With the mayor needing seven votes from the nine-member City Council to move this project forward, it is unclear what impact the issues of school buildings and the proposed relocation of the Social Services building will have on deliberations.
Several council members have expressed concerns. However, only 8th District Councilwoman Reva M. Trammell has said she would oppose the development.
At this point, the mayor is focusing on the positives of development, particularly the 12,000 construction jobs and 9,000 additional jobs that a Virginia Commonwealth University study projects would be created by the offices, hotel, retail operations and grocery stores.
The mayor also points to the major changes that would be ushered into a long staid area in a project that would add 14 new buildings, including the centerpiece arena. Eleven of the new buildings would be located within the blocks bounded by 5th, 10th, Leigh and Marshall streets.
Along with the new Coliseum, the development would include a new hotel, five apartment buildings, two new office buildings, a new indoor GRTC transit center and a new Doorways Hospitality House.
The development would not touch the John Marshall Courts Building or the Federal Building. It would retain two parking decks that would be wrapped with apartments, but would replace the city’s aging former Public Safety building and the Social Services building.
Three city-owned parking lots at 4th and Broad, 6th and Broad and 6th and Grace streets also would gain new apartment buildings as part of the total development.
In all, 2,936 apartments would be created between 2019 and 2024 if council gives the green light.
To carry out this plan, City Hall would team up with a private group, NH Foundation and led by Dominion Energy’s top executive, Thomas F. “Tom” Farrell II, to carry out a project Mr. Farrell and his group dreamed up and which would easily be the largest economic development project in the Richmond area.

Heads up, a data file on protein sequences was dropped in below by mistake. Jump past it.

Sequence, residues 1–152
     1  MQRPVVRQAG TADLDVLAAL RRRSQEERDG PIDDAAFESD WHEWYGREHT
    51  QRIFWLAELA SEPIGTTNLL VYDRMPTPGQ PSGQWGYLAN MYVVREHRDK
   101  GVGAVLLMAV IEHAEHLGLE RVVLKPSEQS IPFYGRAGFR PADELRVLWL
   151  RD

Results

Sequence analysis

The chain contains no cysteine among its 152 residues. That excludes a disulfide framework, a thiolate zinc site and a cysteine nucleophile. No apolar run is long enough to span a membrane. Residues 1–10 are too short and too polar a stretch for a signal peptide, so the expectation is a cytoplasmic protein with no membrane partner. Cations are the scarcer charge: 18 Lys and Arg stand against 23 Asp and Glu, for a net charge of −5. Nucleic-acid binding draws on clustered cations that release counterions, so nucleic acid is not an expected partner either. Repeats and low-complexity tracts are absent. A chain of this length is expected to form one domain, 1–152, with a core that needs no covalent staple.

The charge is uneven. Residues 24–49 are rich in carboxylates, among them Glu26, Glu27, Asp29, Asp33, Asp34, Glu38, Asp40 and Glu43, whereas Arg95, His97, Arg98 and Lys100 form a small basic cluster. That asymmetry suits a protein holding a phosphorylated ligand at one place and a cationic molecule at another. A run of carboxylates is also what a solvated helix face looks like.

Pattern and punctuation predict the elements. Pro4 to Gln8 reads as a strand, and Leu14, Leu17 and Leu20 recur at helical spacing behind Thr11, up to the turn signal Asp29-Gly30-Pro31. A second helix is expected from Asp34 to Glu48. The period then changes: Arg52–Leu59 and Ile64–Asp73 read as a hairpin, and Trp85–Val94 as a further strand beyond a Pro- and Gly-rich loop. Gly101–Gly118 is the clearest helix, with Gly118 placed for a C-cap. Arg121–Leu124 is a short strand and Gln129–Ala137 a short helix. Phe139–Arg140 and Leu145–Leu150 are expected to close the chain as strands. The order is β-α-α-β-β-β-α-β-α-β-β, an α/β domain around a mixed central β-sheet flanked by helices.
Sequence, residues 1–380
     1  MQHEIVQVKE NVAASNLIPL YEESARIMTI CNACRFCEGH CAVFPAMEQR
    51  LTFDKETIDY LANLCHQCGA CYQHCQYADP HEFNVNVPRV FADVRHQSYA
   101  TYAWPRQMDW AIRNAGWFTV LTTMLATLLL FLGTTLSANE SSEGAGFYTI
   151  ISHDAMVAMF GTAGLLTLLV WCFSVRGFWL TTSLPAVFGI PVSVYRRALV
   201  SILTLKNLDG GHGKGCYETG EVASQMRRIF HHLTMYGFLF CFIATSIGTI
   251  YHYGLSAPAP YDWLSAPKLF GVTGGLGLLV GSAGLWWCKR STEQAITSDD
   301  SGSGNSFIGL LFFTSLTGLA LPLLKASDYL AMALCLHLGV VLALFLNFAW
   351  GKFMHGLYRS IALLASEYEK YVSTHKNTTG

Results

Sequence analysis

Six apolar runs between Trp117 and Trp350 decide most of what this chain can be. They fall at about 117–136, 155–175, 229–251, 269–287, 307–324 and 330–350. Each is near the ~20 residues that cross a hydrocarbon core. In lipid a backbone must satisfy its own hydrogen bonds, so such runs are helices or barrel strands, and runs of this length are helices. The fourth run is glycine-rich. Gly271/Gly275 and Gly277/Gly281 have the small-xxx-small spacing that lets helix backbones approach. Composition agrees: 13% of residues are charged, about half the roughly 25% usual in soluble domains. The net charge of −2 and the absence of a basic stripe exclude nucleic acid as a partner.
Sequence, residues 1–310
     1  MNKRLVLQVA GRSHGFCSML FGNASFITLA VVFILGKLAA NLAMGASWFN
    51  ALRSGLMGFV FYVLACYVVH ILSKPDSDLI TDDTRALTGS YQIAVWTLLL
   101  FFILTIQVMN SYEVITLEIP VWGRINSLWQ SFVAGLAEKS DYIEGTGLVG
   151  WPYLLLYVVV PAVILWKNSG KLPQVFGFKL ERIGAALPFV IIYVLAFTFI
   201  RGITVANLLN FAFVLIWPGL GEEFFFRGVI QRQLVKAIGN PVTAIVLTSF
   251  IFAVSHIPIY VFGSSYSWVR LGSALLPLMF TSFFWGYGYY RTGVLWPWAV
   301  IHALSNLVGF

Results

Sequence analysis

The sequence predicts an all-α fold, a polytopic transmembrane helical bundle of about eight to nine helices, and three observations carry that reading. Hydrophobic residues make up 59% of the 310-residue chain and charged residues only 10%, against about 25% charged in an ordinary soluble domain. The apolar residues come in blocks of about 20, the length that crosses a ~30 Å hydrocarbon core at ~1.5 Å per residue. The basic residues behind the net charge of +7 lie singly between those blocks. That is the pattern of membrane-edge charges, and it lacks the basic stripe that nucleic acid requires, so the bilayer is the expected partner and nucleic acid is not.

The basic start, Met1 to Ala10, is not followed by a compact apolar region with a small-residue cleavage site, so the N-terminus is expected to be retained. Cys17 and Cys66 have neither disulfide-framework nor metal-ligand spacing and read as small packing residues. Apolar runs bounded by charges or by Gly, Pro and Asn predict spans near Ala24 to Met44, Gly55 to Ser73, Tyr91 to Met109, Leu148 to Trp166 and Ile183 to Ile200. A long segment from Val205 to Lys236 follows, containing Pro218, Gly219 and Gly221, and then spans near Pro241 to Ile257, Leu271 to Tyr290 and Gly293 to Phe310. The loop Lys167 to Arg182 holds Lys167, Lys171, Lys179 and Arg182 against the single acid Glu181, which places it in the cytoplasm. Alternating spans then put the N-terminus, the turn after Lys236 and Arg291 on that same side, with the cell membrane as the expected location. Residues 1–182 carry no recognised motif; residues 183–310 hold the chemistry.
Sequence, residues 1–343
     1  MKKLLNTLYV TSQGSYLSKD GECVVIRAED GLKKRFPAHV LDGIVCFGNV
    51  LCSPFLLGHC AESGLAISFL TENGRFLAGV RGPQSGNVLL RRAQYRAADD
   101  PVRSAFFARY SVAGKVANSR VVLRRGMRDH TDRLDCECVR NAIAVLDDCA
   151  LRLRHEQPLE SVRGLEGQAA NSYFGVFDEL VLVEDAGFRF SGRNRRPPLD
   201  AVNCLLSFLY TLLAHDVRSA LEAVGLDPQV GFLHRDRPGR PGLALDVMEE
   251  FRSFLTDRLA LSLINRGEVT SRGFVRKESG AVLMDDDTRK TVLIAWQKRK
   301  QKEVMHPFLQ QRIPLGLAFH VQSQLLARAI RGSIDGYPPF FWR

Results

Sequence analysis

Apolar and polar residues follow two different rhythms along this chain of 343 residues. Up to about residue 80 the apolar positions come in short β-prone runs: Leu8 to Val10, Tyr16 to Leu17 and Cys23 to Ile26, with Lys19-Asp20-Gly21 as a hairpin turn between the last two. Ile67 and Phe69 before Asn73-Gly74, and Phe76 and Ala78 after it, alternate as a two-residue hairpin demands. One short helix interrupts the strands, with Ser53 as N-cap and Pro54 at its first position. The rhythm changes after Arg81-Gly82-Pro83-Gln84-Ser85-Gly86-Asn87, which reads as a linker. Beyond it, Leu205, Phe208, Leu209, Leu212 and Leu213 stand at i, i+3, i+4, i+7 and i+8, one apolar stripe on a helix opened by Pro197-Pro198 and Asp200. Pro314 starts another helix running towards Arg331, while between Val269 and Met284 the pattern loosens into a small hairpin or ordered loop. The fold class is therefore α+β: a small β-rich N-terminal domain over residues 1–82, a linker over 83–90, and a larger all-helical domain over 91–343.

As proposed — and only if the council approves it — the city would sell the mostly public property in the main project area to the city’s Economic Development Authority, which would then lease it to NH Foundation for up to 99 years. NH Foundation would then become responsible for covering the cost of operating and maintaining the Coliseum and for finding the private investors and lenders to put up the money to build the apartments and other buildings.
Underlying the whole plan is a proposal that would earmark the growth of real estate taxes to be generated both in the main project blocks and 57 other blocks to repay the $350 million that the city would use to build the new Coliseum, revamp the Blues Armory and pay for new infrastructure, including revamping several streets.
The total 80-block area, called a Tax Increment Financing District, or TIF, would be bounded by 1st and 10th streets and run from Interstate 64/95 to the Downtown Expressway.
The city’s general fund would continue to receive the same level of real estate taxes it does now from the 80-block area. Revenue from other city taxes, including sales, lodging, meals and admission, would continue to go to the general fund, except those generated in the main project area. Money from those taxes also would go to the TIF District to repay borrowing.
The 80-block TIF District is eight times as large as initially proposed, but was increased to ensure that there would be enough tax growth to pay off the $350 million in revenue bonds the city would sell, officials said.
Even before the City Council review begins, several members, including Parker C. Agelasto, 5th District, and Kim B. Gray, 2nd District, have expressed concern about the size of the TIF District and the tax dollars that would need to be used to pay the debt on the new Coliseum.
Other council members are worried about the proposed relocation of the Social Services operations, which could force people applying for food stamps and other services to travel more than an hour on public transit to get to the proposed new location.
“I have already told the mayor that would be unacceptable,” Councilwoman Ellen F. Robertson told the Free Press.